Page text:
You wanted them and I got them!
As usual, once I started picking out plants, I went a little crazy. Instead of just a couple varieties, I have six Cymbidium ensifolium varieties, three Cymbidium goeringii varieties, and (yikes!) 16 different Cymbidium sinense!!! If you like the foliage, I’ve got you covered. If you like interesting flowers, I got a mix of those, too. And the plants look GREAT! I will be shipping them bare root.
How to Grow
If you’re new to Asian Cymbidiums, here’s what you need to know:
Light: Moderate to low. Some people will tell you high light, but the Asian Cymbidiums are different. They may tolerate high light, but they do not prefer it. Mine have always done best in a relatively shady spot.
Temperature: Hot to cold. Hot summers and cold winters give these temperate growers exactly what they want. I don’t let mine go below freezing, but you can leave them out into the high 30s not problem, and temps over 100 are no sweat 🙂
Potting/Watering: Chinese Cymbidiums have long, straight, fat roots, so pot them in a tall pot. In nature, these guys grow all over the place, and they are terrestrials. For us, your best bet is to use a coarse medium that is somewhere between entirely inert (think rock, corks, or sponge rock) and medium-sized bark. If you like to water, lean to more inert media, and if you’re a once a week waterer, go for more bark. Asian Cymbidiums like a moist environment but not wet feet, so go for an open medium. Fertilize regularly in warm weather, but in fall, cut back completely on fertilizer and don’t be quite so liberal with water. This should induce flowering in late winter to spring.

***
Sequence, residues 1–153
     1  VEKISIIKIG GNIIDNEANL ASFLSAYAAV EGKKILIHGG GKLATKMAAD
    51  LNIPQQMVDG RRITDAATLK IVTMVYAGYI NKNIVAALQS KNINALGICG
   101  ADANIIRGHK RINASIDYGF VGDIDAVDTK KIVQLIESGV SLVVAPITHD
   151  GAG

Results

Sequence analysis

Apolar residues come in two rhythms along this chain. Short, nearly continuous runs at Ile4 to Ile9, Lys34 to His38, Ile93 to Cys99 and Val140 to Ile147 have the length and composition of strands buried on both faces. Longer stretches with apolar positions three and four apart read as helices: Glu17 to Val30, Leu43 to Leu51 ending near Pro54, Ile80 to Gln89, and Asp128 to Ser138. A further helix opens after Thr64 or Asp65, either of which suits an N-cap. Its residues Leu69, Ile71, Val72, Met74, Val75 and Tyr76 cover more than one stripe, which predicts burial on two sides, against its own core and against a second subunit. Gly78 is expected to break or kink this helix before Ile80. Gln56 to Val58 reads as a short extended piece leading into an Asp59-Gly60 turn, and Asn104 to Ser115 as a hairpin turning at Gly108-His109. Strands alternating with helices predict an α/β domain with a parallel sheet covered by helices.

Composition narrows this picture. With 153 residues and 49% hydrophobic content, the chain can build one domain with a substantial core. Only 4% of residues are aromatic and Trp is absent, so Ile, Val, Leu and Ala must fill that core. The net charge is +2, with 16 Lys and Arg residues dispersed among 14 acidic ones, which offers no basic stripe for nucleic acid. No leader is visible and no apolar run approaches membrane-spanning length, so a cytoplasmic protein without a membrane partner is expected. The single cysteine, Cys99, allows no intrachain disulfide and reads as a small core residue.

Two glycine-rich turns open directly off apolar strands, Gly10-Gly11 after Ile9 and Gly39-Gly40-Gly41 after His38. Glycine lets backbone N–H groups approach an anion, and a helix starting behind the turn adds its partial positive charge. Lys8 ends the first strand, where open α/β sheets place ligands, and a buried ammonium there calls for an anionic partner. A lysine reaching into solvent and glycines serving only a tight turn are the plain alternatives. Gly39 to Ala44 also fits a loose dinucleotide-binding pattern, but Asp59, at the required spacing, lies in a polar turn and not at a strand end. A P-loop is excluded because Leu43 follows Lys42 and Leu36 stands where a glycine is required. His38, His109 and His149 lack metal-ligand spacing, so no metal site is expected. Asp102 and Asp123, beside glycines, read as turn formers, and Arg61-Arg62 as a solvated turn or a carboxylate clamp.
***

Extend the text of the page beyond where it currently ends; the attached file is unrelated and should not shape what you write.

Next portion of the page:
Tamika Emerson says
Do you still have Asian Cymbidiums orchid plants? If so, how much? Do you ship?
Kristen Uthus says
Yes, we still have quite a few! Go to the menu above and look under “Japanese Collection” to find the Asian Cymbidiums. We ship anywhere in the US. Thanks!
Is there any particular variety selected for its fragrance?
Michael Hwang says
None of these Asian Cymbidiums is Japanese in Origin, they are all Chinese and Taiwanese Asian Cymbidiums. It is very misleading to put them under your “Japanese Collection”. Also, all the readings are Chinese readings.
Kristen Uthus says
As with Sophronitis coccinea which is native to Brazil, these Asian cymbidiums are collected extensively by Japanese growers which is why they are listed with the “Japanese Collection.” I do not mean to imply that they grown and raised in Japan although they often are. These come from a well-respected Taiwanese grower which is why they have names written in Chinese characters which my Korean, Japanese, and Chinese patrons are all able to read.
I appreciate your collection and keeping these original Chinese characters. Thank you!
Francesco Gaglioti says
Dear New World Orchids I’m interested in your orchids, but I can’t see on your webpage which country you are in.